The Malta Independent 17 May 2022, Tuesday

Make me a channel of your peace

Saturday, 8 January 2022, 07:54 Last update: about 5 months ago

Chris Vella

Much has been written on the horrendous and brutal rape and murder of Paulina Dembska at the beginning of this year. Maybe too much has been written by those who shouldn’t have written, and too little by those who should have and have a moral responsibility to do so. For, expressing certain comments at a time such as this, while important, need be respectful and sensitive. To be silent, where injustice is perpetuated, is akin to complacency and complicity. But unreflective comments spewing with hate or blabbering sheer nonsense or unfounded hypotheses, are better not said, better not seen, ever.


Several individuals on social media have quickly sprinted up to point fingers, level accusations against individuals or entities or link the crime to one or other cause. I am wary of making or accepting such hasty conclusions. We all know the Maltese idiom roughly translated as ‘the hasty cat breeds blind offspring’. This may also be true in this case. Let us allow some time for the investigation to be completed before we jump to conclusions.

The murder was horrific and brutal. Any murder is equally appalling, irrespective of who the victim and perpetrator are. Femicide is a terrible scourge too. The misogyny, xenophobia, homophobia, transphobia and the us-and-them divide are true plagues of our country. Equally worrying is the rising challenge of mental health, that has been pejorated by the pandemic, the shrinking natural landscape, and the ‘uglification of Malta’. It is still too early to know the true motive behind the appalling crime. It may be connected to all or none of the above social indicators.

That, on the other hand, should not stop us from reflecting and speaking out against other ‘crimes’ committed in the wake of this murder. One appreciates and praises the huge outflow of solidarity, love and human closeness shown very clearly to Paulina and her family. That was genuine and beautiful, and I am sure it gave solace to a family that has lost a beautiful person, so innocently and so unjustly.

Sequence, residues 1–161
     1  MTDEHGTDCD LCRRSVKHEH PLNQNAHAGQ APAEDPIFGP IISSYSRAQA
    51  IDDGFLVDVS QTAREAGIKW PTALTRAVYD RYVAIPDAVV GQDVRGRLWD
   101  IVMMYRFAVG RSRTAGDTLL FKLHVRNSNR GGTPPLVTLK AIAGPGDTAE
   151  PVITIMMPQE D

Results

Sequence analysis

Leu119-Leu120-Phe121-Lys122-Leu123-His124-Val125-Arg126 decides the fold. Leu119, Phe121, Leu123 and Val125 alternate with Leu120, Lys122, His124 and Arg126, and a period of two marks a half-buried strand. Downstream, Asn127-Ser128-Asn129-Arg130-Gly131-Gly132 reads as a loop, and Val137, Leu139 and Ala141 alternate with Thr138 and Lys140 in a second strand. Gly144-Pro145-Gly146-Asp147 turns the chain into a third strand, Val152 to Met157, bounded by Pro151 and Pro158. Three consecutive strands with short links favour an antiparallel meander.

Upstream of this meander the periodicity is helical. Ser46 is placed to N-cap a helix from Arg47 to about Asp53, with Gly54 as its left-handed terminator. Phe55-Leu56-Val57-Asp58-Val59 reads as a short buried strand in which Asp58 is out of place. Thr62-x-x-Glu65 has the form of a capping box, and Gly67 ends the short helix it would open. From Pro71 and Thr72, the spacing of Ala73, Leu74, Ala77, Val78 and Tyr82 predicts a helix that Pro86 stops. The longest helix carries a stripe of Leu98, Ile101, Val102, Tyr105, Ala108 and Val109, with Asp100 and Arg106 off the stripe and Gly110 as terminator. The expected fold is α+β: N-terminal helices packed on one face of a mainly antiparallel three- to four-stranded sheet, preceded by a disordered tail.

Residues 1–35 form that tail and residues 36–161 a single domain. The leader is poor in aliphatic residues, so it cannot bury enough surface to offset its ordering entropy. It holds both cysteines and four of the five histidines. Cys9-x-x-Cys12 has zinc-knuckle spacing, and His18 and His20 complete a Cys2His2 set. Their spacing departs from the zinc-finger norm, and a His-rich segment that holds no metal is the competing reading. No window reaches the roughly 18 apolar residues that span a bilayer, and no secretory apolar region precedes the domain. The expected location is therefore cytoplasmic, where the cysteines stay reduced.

On the other side, we have seen the social media exploding with comments, hypotheses, half-truths, suspicions, and accusations being levelled against one side of the other. Many took the opportunity to turn this horrendous crime into a battleground for Malta’s culture wars. One comment, in particular, written by a local Catholic ‘priest’, even went as far as spewing hatred against LGBTIQ people, calling gay intimacy as ‘cancer’ and worse than demonic possession.

I will not go into the discussion of whether the alleged rapist and murdered had any connections with one or other evangelical group, or whether he was a repressed gay person. It is too early to reach any conclusions.

Yet, how can one justify such horrendous comments? Was it just in response to some media reports that this comment was made? Was it motivated by reaction to the Mapping the Rainbow Report that was issued earlier in the day? Was it done intentionally to create a controversy, to ensure that his comments go viral and so spin more hate for other fellow human beings? Was it done, intentionally, so that upon backlash, he could become a self-proclaimed martyr of ‘free speech’ and ‘truth’, however twisted this may be?

To me, this whole issue boils down to a question of Christian charity. The solidarity and love and affection for Paulina is evidence of much needed charity. On the other hand, this obscene comment pointed to a complete absence of charity. While one recognises the right of people to voice different opinions, however unacceptable they may be to most of society, comments that evidence contempt for human dignity, are not acceptable, not by democratic standards, and even more by the standards of Christian charity. ‘If anyone says, “I love God,” but hates his brother, he is a liar; for whoever does not love a brother whom he has seen cannot love God whom he has not seen’ (1 Jn 4: 19).

Let us be animated by solidarity and by a genuine yearning to build a better and more socially just society, that is welcoming to all people, whatever their gender, race, religion, sexual orientation, colour, and ability/ disability.

Let us avoid the easy game of blame, especially when investigations into a crime are still ongoing.

Let us not exploit the horror of an abominable crime to seek easy revenge, or to make political capital out of human misery and tragedy and get a few cheap points in the endless and tragic culture wars.

One last word of gratitude goes to the Archbishop and other priests who spoke out against these obnoxious comments. By speaking out publicly against these comments, you have taken up the moral responsibility to speak for social justice and to stand out for the weak and vulnerable.

We hope that this dreadful episode can remind our pastors that the only genuine true pastoral way is to take care of all the sheep. Let the Archbishop, and other leaders go one step further and ensure that such comments are not tolerated, and all steps are taken to unmask and stop the wolves who dress up as sheep, or worse still as shepherds.


Chris Vella is Coordinator of Drachma LGBTI and Co-Chair of the Global Network of Rainbow Catholics

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